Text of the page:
loading updating

Columbanus: The Monk Who United Europe

1400 years ago an Irish monk brought fresh and radical thinking to a divided Europe, in crisis following the fall of the Roman Empire. His name was Columbanus. Columbanus was viewed as an outsider. Hailing from Hibernia (Ireland), he came from the only country in western Europe that had stayed outside of the Roman Empire – a land many in Europe had long-since believed was inhabited by backward barbarians. He was born during the sixth century AD, at a time when the Western Roman Empire was breathing its last gasping breaths. As flux engulfed Europe, Ireland was also undergoing a great deal of change as Christianity trickled in to this far-flung land. Columbanus was likely born into a Christian family, later becoming a monk and joining the religious community at Bangor Abbey. What arrived with Christianity was a whole array of Mediterranean Christian culture. The Irish monks at Bangor, and at many other similar places, quickly absorbed this rich culture, becoming masters of grammar, maths and argument. In these places a depth of scholarship developed which, through Columbanus, would have a major impact on Europe. In his 40s Columbanus decided to set sail from Bangor across the seas to a chaotic Europe on a missionary endeavour. He built the monasteries that became Europe’s first universities, established a writing system to encourage the spread of liberal values and risked his life when he demanded high standards of leadership from those in power – bishops, kings and even popes. These foundations are said to have contributed greatly to the creation of Early Medieval Europe. In the often-fractured Europe of today, the lessons of Columbanus are just as relevant. Be reminded of how openness and diversity can encourage positive progression. Columbanus: The Monk Who United Europe is presented by Mary McAleese, former Irish President and was broadcast on BBC Northern Ireland on 30 November 2015. It was written, directed and produced by Declan McGrath.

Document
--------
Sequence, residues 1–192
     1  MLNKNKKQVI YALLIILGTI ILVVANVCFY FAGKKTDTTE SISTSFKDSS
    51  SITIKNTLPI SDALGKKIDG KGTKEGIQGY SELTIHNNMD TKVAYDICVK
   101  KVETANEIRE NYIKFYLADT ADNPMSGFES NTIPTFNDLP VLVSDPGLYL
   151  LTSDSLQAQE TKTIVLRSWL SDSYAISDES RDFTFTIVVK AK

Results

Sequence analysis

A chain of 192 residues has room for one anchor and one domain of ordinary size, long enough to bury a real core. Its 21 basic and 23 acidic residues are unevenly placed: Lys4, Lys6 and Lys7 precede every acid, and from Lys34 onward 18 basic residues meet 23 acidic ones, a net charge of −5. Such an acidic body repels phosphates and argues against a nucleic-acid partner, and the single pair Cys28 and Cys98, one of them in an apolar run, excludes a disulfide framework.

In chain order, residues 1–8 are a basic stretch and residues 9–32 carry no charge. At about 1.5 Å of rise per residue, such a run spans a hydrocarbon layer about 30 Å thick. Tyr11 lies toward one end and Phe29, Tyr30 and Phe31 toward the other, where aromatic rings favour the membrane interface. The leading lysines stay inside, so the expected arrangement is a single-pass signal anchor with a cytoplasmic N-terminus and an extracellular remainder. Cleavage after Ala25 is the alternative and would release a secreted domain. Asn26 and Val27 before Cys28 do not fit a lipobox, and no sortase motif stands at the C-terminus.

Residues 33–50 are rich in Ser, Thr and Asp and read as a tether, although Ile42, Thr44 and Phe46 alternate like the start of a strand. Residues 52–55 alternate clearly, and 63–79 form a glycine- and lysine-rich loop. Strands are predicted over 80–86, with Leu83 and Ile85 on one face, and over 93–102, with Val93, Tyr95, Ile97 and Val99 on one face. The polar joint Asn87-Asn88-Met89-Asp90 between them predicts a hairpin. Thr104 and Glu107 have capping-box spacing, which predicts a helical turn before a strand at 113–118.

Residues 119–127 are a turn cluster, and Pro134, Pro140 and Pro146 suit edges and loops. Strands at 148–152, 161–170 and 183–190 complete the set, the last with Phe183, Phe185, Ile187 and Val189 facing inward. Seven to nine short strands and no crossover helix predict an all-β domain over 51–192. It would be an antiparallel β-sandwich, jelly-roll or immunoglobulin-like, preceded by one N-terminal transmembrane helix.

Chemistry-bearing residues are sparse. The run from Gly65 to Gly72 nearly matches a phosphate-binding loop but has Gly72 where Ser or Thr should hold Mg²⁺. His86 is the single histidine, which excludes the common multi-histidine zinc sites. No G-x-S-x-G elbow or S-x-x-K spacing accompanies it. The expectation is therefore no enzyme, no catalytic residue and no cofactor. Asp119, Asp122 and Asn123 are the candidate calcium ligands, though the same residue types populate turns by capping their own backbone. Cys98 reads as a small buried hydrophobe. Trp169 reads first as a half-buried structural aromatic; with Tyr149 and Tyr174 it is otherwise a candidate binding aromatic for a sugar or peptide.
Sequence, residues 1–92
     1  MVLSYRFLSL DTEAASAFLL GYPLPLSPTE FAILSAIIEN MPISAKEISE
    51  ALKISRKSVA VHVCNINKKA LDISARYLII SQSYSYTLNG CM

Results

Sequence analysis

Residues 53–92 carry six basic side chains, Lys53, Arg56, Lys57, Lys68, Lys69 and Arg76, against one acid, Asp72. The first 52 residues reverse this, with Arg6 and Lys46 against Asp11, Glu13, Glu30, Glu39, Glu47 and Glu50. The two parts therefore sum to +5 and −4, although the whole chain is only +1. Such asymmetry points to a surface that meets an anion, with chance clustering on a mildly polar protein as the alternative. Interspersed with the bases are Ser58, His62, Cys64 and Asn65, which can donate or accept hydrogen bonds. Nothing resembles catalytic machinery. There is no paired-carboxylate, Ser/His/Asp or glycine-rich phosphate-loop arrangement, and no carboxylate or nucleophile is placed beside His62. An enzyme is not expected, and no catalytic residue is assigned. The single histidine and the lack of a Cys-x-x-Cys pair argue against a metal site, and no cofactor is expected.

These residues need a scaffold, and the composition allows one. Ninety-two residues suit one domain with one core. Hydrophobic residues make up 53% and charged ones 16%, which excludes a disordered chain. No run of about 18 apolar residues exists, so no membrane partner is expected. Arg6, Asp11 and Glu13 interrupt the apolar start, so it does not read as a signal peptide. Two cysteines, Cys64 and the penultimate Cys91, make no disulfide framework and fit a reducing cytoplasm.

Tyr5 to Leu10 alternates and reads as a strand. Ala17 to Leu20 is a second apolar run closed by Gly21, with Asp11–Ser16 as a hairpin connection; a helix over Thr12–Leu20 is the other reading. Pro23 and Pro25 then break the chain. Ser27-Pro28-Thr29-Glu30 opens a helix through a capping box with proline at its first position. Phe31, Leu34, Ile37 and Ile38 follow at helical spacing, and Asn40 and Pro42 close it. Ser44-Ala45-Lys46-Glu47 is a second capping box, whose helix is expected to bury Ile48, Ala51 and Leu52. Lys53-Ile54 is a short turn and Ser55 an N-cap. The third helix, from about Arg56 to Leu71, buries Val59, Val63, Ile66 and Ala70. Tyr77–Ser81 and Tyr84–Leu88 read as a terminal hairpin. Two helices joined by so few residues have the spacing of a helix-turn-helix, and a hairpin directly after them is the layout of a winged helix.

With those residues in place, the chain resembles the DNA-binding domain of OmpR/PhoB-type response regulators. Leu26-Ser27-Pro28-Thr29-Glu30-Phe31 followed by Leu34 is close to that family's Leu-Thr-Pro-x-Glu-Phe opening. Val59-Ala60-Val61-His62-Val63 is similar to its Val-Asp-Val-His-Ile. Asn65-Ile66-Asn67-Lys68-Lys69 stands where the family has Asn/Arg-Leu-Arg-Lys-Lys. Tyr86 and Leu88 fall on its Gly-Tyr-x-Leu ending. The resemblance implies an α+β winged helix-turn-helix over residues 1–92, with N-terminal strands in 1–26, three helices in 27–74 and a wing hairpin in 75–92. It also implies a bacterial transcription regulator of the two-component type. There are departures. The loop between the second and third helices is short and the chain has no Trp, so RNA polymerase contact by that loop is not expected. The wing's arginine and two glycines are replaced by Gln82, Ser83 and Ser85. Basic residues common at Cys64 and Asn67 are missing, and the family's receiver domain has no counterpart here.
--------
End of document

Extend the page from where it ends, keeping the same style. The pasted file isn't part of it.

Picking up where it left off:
Read more Read less Duration: 59 min